The Peenemunde Raid: RAF bombers hit the German rocket research center near Peenemunde on the Baltic coast. 596 bombers take part in the raid. Damage to the facilities and program were severe, at a cost of 40 bombers. The carnage would have been even more severe had not nearly 200 German fighters been redirected to Berlin because of the “window” radar jamming used by the British.

In other news …

Patton’s 7th Army marches into Messina, followed closely by Montgomery’s 8th Army, thus completing the conquest of Sicily for the Allies. During the 39-day campaign, the Axis forces suffered 167,000 casualties (37,000 German, 130,000 Italian). Allied losses were 25,000. Most deemed this a great Allied victory, but in retrospective, it was a bitter one in that, had the Allied planning been more bold, they easily could have destroyed all of the forces on the island rather than allowing so many to escape.

General Eisenhower, Supreme Allied Commander, having finally been informed of Patton’s slapping incident at the 93rd Evacuation Hospital, orders his, orders his Surgeon General, Frederick Blesse’ to Sicily to investigate the incident, telling him, “If this thing ever gets out, they’ll be howling for Patton’s scalp, and that will be the end of Georgie’s service in this war. I simply cannot let that happen. Patton is indispensable to the war effort – on of the guarantors of our victory.”

August 18, 1943

US Naval forces bombard the Italian mainland at Palmi and Gioai Taura in preparation for invasion.

August 19, 1943

After three days of heavy fighting, the Soviet Southwest Front breaks through the German defenses on the Mius River line.

General Jeschonnek, Chief of Staff of the Luftwaffe, commits suicide after being criticized for the Peenemunde and Schweinfurt raids

August 20, 1943

The Soviet encirclement of Kharkov continues. Red Army forces capture Libedin, west of Kharkov.

Allied forces engage in heavy fighting over Babdubi Ridge, in New Guinea.

August 21, 1943

Australian troops take Komiatum in New Guinea.

August 22, 1943  

German forces, threatened with encirclement at Kharkov begin to withdraw from Kharkov.

The “island hopping” campaign continues as US forces occupy Nukufetau and Namumea  in the Ellice group. There is no Japanese opposition and work begins on constructing airfields immediately.

August 23, 1943  

Red Army forces enter Kharkov, the fourth, and last time the city would change hands in this war. The Germans attempted to launch a spoiling attack, but this was met by the newly reconstituted 5th Guards Tank Army and beaten back.

RAF bombers once again took to the night skies over Berlin sending 727 planes carrying 1700 tons of bombs. The raid was badly scatter but still managed to kill over 900 people. This was the opening of a new Bomber Command terror campaign which would come to be known as “The Battle of Berlin”.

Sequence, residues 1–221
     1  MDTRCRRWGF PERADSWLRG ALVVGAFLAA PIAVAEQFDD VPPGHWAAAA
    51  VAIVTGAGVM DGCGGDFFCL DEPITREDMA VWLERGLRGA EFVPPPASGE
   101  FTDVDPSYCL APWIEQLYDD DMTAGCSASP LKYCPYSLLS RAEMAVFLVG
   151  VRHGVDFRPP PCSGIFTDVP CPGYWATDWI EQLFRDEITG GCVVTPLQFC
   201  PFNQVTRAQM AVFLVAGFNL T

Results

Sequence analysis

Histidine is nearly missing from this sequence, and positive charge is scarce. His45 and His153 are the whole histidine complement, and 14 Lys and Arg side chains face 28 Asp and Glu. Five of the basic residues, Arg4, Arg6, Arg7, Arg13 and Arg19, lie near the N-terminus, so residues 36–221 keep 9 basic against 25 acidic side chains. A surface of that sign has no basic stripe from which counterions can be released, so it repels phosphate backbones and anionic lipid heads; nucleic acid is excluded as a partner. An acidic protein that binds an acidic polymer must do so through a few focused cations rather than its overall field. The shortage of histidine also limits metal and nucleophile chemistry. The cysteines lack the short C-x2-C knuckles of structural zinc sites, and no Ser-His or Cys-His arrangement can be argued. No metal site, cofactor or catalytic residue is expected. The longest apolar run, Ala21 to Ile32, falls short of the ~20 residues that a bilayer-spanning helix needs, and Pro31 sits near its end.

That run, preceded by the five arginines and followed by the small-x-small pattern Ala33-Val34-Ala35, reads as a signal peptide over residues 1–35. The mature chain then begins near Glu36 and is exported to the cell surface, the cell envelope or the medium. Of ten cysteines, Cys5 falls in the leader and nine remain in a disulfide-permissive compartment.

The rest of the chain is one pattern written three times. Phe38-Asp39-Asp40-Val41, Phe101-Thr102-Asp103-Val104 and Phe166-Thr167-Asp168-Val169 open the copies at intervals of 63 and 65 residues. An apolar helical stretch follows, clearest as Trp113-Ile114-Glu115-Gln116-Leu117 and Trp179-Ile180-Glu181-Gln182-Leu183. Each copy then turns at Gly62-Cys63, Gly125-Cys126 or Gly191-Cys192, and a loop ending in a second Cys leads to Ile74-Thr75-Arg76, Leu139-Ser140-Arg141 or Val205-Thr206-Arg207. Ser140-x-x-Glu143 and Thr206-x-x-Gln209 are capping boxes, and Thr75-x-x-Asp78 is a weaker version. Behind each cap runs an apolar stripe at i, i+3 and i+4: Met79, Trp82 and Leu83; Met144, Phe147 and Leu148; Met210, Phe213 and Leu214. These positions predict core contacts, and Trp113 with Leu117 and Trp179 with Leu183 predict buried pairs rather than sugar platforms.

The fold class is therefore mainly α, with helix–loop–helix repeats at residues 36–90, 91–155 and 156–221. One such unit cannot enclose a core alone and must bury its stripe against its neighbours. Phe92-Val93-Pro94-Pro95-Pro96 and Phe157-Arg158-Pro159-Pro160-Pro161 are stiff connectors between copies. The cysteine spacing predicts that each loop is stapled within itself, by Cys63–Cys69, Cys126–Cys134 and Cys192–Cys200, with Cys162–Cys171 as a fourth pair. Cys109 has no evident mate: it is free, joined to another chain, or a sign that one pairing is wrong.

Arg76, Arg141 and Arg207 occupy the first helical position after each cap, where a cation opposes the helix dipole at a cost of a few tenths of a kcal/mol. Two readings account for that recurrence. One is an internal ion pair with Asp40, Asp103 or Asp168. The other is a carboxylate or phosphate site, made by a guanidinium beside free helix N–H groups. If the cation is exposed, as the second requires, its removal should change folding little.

August 24, 1943  

SS Chief Heinrich Himmler is promoted to Reichminister of the Interior by Hitler.

August 25, 1943

In a military first, the Germans test a new guided bomb, the Hs293. The device, launched from a bomber is guided by radio signal from an airborne observer to the target, in this case, Allied ships in the Bay of Biscay. The initial test failed to hit the ship, but the system did show great promise.

Nearly 300 fighter-bombers and bombers hit the Italian airfield at Foggia in preparations for the invasion of the Italian mainland.

Red Army forces pursue the retreating Germans occupying Zenkov and Akhtyrka, west and north of Kharkov.

August 26, 1943  

Allied nations gave limited recognition to the French Committee of National Liberation. 

August 27, 1943  

RAF bomber command launches a 674 plane raid against Nuremburg, hitting little, but managing to kill 65 people and hitting the city zoo.

Elements of the US 43rd Division land on the Nauro Peninsula on Arundel. There is no Japanese opposition.

The Soviet offensive contiues as the Central Front takes Sevsk and Vatutin’s forces take Kotleva.

Fighting breaks out between the Germans and elements of the Italian 15th Corps in Ljubljana, Slovenia after the Italians refused to withdraw from the city.

August 28, 1943  

After rioting, strikes and acts of sabotage and German ultimatums, the Danish government falls and Nazi General von Hanneken takes charge.

August 29, 1943  

General von Hanneken declares marshal law as sporadic fighting is reported in Denmark. Most of the  Danish fleet is scuttled, preventing its capture by the Germans.

Red Army forces capture Lyubotin.

August 30, 1943  

In a massive air battle over Italy, 44 US P-38 fighters, escorting B-26 medium bombers ran into 75 Luftwaffe fighters. The two fighter groups fought as the bombers went on to obliterate the marshalling yards at Aversa. The Americans lost 13 fighters to the German 9.

The withdrawal in the south begins as Taganrog on the Sea of Azoz is abandoned by the Germans. Further to the north, the Soviets roll forward in the Smolensk area, taking Sokolovsky and Yelna,

RAF Bomber Command struck Munchengladbach and Rheydt with 660 bombers. The terror bombing managed to destroy about half of each town, killing nearly 400 civilians.